If we journey to the Ruataniwha plains along highway 50 to the Tikokino area, then up the Wakarara road towards the site where the controversial storage dam was to be build, you will see numerous large boom irrigators and wells to feed them.
If there is such a water shortage in this area, why are dairy farmers sinking large bores to run these beasts. Why was an application made to allow 10-12 additional bores to be sunk when there was controversy raging over the need for the dam to store water? Beats me
A number of years ago the HBRC drilled three large bores on the plains to test the age, volume and quality of water. One of these was in the Tikokino, Onga Onga area. The volume of water from this well was so great that it formed its own stream. The Central Hawkes Bay district council (CHGDC) was offered this water this was rejected and the bore was capped. Why then is there a shortage of water in the Tikokino Onga Onga town ships when this bore is available, again, the logic beats me.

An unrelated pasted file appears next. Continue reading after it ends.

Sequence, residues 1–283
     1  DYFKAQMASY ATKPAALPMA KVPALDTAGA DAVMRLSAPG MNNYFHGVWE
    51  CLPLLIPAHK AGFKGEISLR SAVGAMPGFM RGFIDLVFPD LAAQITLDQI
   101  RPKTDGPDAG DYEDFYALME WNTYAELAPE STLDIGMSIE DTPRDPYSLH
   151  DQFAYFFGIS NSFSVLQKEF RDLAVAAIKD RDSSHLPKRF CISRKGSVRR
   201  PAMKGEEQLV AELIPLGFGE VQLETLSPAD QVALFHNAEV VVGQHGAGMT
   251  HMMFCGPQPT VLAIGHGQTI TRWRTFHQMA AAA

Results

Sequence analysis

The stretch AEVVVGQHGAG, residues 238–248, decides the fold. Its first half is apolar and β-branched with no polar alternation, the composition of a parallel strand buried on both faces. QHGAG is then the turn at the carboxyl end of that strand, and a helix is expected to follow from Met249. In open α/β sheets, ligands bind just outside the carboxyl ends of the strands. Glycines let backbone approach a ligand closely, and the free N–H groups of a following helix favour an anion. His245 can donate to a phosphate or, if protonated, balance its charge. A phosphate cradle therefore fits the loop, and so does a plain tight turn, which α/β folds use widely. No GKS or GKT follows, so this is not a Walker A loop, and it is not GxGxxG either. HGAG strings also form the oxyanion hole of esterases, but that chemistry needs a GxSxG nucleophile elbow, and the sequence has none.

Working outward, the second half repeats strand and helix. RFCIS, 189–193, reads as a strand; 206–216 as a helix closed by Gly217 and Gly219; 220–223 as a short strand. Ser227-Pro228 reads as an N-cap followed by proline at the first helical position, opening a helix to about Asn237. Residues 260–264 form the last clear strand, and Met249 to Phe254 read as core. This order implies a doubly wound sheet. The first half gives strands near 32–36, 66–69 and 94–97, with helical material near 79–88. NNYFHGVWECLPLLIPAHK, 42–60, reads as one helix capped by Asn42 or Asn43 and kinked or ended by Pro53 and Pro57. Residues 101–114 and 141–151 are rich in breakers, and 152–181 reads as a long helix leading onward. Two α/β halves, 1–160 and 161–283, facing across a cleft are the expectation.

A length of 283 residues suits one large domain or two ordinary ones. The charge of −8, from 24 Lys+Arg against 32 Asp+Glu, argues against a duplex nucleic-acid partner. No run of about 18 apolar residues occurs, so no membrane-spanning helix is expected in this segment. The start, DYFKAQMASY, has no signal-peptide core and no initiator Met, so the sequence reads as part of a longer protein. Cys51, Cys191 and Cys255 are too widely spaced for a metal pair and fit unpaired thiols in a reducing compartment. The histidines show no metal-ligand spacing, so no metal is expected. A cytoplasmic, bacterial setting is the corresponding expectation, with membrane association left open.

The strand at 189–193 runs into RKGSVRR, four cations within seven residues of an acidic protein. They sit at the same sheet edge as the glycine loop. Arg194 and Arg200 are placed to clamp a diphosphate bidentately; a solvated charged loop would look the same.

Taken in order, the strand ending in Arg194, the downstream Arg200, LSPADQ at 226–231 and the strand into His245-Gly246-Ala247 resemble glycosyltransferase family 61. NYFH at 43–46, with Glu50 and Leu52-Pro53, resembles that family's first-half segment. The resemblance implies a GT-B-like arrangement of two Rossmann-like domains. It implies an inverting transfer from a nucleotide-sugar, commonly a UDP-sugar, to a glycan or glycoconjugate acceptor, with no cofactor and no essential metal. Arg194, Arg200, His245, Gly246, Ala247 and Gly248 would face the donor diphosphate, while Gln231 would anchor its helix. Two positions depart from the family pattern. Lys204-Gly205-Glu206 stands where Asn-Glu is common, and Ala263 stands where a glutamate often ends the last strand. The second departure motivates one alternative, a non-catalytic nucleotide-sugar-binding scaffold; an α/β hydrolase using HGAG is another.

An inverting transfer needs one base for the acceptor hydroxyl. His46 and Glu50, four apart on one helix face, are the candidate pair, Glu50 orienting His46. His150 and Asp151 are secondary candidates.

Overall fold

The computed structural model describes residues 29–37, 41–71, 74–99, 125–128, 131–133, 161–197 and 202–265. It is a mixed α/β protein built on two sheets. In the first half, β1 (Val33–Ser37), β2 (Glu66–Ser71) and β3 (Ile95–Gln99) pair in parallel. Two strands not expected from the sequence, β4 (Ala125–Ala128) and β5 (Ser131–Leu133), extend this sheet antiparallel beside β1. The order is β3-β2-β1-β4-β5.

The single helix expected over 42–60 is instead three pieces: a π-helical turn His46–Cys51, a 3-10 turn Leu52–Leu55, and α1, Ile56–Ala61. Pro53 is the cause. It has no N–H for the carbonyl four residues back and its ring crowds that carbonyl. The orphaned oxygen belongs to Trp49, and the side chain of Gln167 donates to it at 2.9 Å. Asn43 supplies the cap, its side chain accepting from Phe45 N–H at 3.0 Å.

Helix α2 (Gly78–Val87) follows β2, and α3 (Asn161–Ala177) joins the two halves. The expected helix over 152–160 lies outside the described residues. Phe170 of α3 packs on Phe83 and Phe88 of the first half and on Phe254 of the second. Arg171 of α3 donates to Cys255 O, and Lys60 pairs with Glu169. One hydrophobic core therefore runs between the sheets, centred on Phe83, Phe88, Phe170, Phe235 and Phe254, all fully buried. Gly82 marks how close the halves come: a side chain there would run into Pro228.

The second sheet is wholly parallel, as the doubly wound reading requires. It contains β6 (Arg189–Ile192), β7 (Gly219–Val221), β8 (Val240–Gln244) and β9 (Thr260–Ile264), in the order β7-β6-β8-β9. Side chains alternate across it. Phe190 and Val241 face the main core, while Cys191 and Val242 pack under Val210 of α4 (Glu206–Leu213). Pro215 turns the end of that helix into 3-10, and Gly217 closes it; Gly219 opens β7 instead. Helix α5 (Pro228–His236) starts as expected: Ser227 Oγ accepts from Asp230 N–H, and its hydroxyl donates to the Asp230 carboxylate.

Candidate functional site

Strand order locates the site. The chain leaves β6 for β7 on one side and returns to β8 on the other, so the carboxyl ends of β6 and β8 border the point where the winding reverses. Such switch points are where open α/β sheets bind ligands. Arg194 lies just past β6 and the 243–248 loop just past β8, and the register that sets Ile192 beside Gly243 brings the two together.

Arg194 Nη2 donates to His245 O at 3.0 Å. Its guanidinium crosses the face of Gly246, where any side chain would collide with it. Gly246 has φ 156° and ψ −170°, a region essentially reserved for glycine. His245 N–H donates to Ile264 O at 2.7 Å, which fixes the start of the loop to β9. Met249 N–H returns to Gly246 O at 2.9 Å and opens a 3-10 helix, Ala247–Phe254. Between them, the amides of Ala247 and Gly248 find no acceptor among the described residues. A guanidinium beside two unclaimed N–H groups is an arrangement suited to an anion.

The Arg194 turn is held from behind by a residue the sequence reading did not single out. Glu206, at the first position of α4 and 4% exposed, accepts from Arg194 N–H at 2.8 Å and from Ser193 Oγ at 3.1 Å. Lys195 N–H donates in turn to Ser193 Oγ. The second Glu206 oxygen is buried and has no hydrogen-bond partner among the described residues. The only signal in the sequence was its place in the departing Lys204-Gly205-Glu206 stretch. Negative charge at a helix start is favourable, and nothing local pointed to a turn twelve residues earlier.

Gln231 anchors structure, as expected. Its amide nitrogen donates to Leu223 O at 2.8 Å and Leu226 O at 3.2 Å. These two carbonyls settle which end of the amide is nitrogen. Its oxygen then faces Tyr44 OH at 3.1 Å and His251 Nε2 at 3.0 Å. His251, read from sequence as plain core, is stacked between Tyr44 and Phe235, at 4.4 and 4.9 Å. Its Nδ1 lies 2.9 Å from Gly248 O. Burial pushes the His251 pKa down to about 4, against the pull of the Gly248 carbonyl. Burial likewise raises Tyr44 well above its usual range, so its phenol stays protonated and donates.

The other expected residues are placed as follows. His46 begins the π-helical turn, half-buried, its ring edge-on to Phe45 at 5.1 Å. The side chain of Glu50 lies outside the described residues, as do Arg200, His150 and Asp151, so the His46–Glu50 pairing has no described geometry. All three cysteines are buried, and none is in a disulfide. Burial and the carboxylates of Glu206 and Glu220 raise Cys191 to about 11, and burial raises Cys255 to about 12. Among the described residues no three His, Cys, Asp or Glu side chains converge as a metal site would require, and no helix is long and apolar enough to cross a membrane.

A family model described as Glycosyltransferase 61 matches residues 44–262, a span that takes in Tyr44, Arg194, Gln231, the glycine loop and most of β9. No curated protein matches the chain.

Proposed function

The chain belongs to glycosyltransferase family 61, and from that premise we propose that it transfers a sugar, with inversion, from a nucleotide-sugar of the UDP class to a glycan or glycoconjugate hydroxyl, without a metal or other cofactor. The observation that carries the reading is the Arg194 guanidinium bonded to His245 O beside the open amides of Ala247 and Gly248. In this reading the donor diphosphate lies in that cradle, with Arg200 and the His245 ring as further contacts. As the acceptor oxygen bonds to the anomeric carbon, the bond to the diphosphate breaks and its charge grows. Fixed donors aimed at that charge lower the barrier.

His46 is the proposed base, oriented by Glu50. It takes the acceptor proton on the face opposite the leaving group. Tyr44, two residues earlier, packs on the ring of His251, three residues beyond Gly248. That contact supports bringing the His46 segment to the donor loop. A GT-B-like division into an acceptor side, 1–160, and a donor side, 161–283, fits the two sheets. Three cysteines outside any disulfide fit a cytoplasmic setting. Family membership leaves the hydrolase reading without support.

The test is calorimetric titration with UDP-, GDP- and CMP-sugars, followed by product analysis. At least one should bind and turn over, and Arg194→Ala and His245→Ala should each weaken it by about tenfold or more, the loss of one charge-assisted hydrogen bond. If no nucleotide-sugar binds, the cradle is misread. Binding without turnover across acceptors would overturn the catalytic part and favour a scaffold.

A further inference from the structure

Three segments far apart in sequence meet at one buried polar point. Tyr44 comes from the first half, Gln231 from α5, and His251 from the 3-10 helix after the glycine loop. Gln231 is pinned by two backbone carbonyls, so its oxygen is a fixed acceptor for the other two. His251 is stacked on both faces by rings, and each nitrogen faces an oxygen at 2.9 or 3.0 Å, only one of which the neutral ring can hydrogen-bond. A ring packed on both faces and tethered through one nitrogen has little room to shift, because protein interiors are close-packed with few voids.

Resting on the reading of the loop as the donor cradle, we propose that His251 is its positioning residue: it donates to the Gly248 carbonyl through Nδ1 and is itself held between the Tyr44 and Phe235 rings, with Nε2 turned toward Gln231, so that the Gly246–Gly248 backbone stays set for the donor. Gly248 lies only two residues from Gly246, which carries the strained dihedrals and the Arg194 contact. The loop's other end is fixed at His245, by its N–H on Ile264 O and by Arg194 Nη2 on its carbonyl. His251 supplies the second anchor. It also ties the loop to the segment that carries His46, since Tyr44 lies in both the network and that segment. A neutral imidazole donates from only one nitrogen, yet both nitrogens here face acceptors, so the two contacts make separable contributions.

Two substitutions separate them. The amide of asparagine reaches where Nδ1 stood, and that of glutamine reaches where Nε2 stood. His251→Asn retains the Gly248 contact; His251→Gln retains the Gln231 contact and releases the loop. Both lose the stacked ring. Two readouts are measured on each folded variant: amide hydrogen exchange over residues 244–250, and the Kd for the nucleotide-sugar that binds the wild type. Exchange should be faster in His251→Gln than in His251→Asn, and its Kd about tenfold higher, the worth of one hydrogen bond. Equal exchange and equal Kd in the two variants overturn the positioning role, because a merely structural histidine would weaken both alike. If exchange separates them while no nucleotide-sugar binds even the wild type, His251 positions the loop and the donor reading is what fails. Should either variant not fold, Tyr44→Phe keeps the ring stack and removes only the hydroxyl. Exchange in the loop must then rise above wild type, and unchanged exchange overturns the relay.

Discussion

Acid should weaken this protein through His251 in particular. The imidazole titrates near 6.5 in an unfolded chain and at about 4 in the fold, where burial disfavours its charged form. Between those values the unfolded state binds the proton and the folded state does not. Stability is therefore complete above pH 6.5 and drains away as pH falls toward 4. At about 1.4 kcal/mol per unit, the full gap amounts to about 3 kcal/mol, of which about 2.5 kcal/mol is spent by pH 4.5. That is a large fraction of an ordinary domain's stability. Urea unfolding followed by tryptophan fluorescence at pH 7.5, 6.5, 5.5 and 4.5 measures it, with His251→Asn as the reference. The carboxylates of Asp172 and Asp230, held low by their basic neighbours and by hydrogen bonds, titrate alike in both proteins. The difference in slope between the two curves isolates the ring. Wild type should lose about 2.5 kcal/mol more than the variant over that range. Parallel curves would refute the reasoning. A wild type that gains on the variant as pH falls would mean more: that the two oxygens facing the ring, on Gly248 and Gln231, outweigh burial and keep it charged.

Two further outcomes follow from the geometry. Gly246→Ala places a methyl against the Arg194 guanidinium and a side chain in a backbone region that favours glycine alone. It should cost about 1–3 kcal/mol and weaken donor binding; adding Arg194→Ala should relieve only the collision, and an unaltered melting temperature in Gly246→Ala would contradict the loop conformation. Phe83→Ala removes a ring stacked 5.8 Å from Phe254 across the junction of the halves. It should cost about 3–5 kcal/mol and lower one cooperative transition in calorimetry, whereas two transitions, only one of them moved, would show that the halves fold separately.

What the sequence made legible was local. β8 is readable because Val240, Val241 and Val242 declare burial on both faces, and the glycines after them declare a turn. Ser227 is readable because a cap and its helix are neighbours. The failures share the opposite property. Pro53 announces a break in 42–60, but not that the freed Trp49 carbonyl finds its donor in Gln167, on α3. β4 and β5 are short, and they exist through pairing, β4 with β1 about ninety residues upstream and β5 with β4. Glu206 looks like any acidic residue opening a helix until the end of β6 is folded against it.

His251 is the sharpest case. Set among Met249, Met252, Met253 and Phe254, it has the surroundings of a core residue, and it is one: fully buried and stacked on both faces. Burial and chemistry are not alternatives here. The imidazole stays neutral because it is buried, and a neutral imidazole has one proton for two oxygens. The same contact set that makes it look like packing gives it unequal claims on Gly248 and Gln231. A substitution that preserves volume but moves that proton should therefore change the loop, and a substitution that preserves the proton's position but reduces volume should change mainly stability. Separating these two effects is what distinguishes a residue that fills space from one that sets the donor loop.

During the early 1970s oil exploration and testing was being carried out on the Heretaunga plains. A drilling rig was set up just north of Kereru in the small Poporangi basin. The following was described to me by a neighbour who visited the drilling operation and was told this information by the drilling supervisor.
He explained that data from the seismic tests they had carried out, had identified that there were enormous caverns or cisterns holding trillions of litres of water under the Ruahine ranges. To further verify this that while drilling they had gone down through hundreds of feet of fresh water.